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Potlatching as a celebration

A fundamental part of potlatching is the desire to get together and celebrate. Dances to be performed would be practiced until flawless, and inordinate effort would go into making the masks (below) for the dances and the bowls to be used for feasting. Sports, gambling, talking, gossiping, lovemaking and, after white contact, drinking, accompanied more formal ceremonies.[Cole 1990 p6]

Above: "Wild man of the woods" emerging from the forest.
Source (above and below): Rohner 1970 p108, photo by E Curtis.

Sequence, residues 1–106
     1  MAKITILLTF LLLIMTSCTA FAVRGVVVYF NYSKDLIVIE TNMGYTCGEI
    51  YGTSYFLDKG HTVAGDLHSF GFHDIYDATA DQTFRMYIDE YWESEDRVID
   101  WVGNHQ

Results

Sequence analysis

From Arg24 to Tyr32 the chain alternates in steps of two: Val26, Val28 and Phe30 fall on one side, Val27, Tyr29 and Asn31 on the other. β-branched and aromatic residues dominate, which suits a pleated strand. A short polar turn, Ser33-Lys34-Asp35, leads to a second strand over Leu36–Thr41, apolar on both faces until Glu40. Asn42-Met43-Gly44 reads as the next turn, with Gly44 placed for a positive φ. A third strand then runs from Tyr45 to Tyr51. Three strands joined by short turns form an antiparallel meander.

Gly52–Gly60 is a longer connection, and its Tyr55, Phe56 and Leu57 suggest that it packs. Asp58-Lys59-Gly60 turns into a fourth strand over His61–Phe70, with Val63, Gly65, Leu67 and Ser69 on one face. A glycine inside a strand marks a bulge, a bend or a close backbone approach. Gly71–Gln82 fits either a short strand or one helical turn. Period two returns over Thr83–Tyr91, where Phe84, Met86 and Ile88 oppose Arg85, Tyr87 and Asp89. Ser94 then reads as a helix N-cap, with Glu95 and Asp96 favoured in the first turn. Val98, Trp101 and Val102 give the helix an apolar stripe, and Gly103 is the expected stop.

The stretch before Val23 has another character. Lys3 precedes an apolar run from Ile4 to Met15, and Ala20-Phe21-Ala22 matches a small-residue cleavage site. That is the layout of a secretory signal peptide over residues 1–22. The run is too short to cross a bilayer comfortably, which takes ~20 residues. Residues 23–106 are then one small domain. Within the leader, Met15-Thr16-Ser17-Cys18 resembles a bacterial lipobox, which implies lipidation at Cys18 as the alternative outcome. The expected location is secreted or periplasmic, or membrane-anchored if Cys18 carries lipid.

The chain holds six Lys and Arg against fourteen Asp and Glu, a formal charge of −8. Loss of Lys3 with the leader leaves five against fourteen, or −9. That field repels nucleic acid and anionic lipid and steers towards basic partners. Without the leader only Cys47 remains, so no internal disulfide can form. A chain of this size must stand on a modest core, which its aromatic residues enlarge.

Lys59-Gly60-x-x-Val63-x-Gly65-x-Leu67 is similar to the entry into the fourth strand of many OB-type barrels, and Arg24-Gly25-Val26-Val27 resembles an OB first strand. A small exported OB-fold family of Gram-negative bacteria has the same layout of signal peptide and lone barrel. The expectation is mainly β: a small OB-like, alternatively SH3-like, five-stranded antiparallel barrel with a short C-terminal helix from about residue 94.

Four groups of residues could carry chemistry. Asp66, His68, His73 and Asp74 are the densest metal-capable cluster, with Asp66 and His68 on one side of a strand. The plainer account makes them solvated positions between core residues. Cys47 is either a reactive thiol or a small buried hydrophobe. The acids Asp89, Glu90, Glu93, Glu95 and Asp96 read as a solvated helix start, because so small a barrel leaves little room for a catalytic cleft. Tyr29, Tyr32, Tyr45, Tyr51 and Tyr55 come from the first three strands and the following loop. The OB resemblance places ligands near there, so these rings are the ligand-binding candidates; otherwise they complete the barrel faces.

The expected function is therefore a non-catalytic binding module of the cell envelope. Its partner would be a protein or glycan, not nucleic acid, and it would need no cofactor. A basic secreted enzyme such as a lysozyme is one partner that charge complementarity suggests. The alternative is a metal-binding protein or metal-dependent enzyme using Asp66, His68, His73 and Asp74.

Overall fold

Below: Ceremonial dancers in mythological bird masks.

Masks (centre, then clockwise from top-left): Kwakiutl at Alert Bay (24cm wide by 22cm high by 133cm long), Tlingit, Haida, Haida, Bella Coola (18cm wide by 27cm high), Tlingit, Bella Bella (69cm wide by 28cm high), Kwakiutl at Quatsino Inlet (30cm wide by 37cm high by 53cm long), Tlingit.

Source: Drucker 1965 colour plates 1-4,35-39 following p108, photographs taken by Eugene Price courtesy of the Royal Ontario Museum and Robert H Lowie Museum of Anthropology, University of California, Berkeley.

URL http://www.anu.edu.au/~u9508666/potlatch/mask.HTM
Copyright © 31 October 1997 Anthony.Bettanin@anu.edu.au